To help students understand the complexities and nuances of immigration, teachers need to recognize that immigrant stories are rich and powerful. Immigrant stories need to be analyzed and studied, not just read. In The Expanding Canon, session 4, learn how to apply inquiry-based instruction, which can be employed with immigrant stories to help students dig deeper. For example, find lesson plans featuring Tomas Rivera’s And The Earth Did Not Devour Him and Esmeralda Santiago’s When I Was Puerto Rican. In the plan, students were asked to interview Mexican immigrants, conduct research, engage in dramatic readings, and write their own memoirs. One of the questions that students were asked to think about is: How did the U.S. government feel about immigrants? This question forces students to consider historical, social, and political contexts of immigration.

In Teaching Multicultural Literature, workshop 7, “Social Justice and Action,” students are asked to examine Alma Flor Ada’s My Name is Maria Isabel, Pam Muñoz Ryan’s Esperanza Rising, and Paul Yee’s Tales from Gold Mountain. Students are positioned to be agents of change and are charged with writing persuasive letters to raise public awareness.

Look for additional works to support Paper Son in Teaching Multicultural Literature, which features several Asian-American immigration stories and explores historical and contemporary immigration issues. The workshop has students reading An Na’s A Step From Heaven about a Korean immigrant, Laurence Yep’s Dragon’s Gate about a Chinese immigrant, Pegi Deitz Shea’s Tangled Threads: A Hmong Girl’s Story about a Hmong immigrant, and more.

So, why are immigration stories important? Because we all benefit from immigration, we’re all affected by immigration, and we can all learn from immigration.

What is Huntington’s Disease?

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Dr. Nancy Wexler of the Hereditary Disease Foundation and Columbia University recounts her research on the demographics, symptoms, and genetic cause of Huntington’s Disease in The Brain, module 12.

According to the Huntington’s Disease Society of America, Huntington’s Disease is an inherited brain disorder that results in the progressive loss of both mental facilities and physical control. The disease usually emerges when a person is between 30 and 50 years old and can gradually lead to death. There is no effective cure for the disease, but there are ways to relieve the symptoms.

In The Brain: Teaching Modules, program 12, “Huntington’s Disease,” watch as Dr. Nancy Wexler discusses her research on the demographics and causes of the disease. Look at the moral issues surrounding DNA testing to determine an individual’s risk of developing the disease.

Gene therapy, replacing defective genes with normal genes, is a technique researchers have investigated to treat diseases like Huntington’s. Consider the implications of gene therapy along with other types of genetic engineering using the DNA interactive.  Discussion questions can be found here.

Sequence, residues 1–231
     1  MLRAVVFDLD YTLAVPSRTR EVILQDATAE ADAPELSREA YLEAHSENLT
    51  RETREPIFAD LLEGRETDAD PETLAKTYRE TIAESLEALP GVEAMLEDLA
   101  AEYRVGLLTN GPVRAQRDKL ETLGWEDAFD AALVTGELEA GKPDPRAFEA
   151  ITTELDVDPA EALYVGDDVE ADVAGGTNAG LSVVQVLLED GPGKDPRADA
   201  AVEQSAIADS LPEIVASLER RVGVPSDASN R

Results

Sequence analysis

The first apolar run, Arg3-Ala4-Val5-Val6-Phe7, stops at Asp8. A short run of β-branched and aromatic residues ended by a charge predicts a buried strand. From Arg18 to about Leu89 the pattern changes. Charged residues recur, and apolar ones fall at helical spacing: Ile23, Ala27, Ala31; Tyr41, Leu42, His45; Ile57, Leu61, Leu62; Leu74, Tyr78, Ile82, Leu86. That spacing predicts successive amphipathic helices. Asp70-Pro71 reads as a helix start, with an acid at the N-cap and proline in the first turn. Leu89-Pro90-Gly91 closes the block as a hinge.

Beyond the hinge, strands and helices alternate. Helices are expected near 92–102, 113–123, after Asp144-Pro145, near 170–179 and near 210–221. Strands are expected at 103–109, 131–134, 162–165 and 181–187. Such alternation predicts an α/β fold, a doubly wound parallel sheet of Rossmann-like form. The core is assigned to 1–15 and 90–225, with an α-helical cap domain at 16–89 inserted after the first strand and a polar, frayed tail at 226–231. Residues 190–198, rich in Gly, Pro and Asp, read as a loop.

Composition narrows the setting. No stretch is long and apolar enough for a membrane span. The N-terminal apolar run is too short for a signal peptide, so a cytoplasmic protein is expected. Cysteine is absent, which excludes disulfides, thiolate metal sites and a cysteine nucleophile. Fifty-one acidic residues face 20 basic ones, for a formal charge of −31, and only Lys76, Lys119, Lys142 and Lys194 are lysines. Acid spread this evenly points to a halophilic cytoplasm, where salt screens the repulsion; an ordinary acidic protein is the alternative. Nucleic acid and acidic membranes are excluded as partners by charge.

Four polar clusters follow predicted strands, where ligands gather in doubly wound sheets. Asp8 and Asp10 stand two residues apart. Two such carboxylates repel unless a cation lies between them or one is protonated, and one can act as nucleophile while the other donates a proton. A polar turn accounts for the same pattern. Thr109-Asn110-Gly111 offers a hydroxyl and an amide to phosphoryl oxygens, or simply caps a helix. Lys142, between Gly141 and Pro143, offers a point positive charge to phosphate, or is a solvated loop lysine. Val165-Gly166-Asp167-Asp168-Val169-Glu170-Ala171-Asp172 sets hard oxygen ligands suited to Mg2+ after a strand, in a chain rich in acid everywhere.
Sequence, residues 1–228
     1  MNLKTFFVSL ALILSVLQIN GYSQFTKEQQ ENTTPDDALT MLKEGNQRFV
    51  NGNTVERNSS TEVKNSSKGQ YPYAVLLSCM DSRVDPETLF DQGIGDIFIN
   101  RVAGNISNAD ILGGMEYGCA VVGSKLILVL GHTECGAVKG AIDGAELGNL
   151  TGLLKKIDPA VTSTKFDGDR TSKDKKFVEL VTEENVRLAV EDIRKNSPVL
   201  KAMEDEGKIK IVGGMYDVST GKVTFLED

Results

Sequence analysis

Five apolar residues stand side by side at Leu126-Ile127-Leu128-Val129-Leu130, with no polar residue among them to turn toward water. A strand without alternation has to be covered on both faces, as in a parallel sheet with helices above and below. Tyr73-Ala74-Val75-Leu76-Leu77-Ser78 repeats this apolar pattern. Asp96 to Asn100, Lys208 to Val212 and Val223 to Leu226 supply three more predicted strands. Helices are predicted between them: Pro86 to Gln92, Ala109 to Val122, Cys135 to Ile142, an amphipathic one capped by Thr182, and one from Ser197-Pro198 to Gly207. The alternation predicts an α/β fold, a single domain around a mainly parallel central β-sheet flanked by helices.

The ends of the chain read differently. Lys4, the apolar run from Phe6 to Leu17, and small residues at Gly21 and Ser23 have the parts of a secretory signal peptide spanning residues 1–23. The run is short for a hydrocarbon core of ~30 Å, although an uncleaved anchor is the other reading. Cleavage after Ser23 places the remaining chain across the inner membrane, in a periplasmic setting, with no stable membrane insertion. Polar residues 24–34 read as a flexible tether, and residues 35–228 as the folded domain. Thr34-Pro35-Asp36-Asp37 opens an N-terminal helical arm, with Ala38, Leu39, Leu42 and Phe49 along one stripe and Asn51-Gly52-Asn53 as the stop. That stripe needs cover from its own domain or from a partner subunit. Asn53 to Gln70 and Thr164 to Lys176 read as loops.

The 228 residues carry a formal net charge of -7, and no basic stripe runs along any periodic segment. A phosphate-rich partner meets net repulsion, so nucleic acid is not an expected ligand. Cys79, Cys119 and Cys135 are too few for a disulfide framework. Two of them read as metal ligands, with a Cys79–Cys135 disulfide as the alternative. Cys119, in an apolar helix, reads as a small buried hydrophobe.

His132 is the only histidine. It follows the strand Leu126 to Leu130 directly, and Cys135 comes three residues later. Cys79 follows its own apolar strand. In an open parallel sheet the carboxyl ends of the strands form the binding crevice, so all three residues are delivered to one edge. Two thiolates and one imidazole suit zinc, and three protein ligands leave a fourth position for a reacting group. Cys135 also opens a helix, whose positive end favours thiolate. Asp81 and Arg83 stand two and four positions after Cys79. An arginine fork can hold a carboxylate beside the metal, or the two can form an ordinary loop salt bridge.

Teaching Multicultural Literature: Asian/Pacific American Heritage Month 

AmPassMaxineHongKingstonDuring Asian/Pacific American Heritage Month, explore Annenberg Learner resources to discover the rich history, cultures, and personal stories of Americans of Asian and Pacific Island heritage.

Students come to understand the plight of Japanese-Americans in World War II as they read poetry by Lawson Fusao Inada in the The Expanding Canon: Teaching Multicultural Literature in High School, “Critical Pedagogy: Abiodun Oyewole and Lawson Fusao Inada.”

New York City students explore “dual identity” by reading the literary works of authors Gish Jen, Tina Yun Lee, and Lensey Namioka. As students discuss the works, you’ll see effective teaching strategies, including peer facilitation circles, in action. See “Engagement and Dialogue” of Teaching Multicultural Literature: A Workshop for the Middle Grades.

Maxine Hong Kingston, the daughter of Chinese immigrants, writes stories that explore balancing cultural values with the expectations of American society. Read about her life and works in American Passages, “Search for Identity.”

Share additional resources in the comments.

Diet, exercise, and weight: Why we are what we eat

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Researchers lead by anthropologist Herman Pontzer used GPS units and heart rate monitors to track the physical activity of the Hadza in Tanzania. Photo from Against All Odds, unit 27.

Anyone who has struggled to lose weight knows that it can be a long, difficult process. But a study published this month in the journal Obesity offered new insights into just how hard it is, and why: Dieters’ own bodies resist their efforts to shed pounds.

In the study, federal health researchers followed 16 contestants from the television show The Biggest Loser for six years after they competed in 2009. They found that most of the subjects regained all or nearly all of the weight they had lost – sometimes over 100 pounds. A few contestants were even heavier at the end of the study than before they entered the competition.

“It is frightening and amazing,” Dr. Kevin Hall, a coauthor of the study, told the New York Times. “I am just blown away.”

It’s the latest addition to a growing body of evidence challenging the idea that as long as people burn enough calories, they can eat as much as they want without gaining weight. In fact, experts say, it’s very hard to change how much energy our bodies use every day. We can’t control our basal metabolic rate – the energy we use for basic functions like breathing – which accounts for roughly three-quarters of our daily energy use. We can control how much we exercise, but that’s only a fraction of our total energy use. And when we dial that portion up, our bodies dial down our basal metabolism to compensate.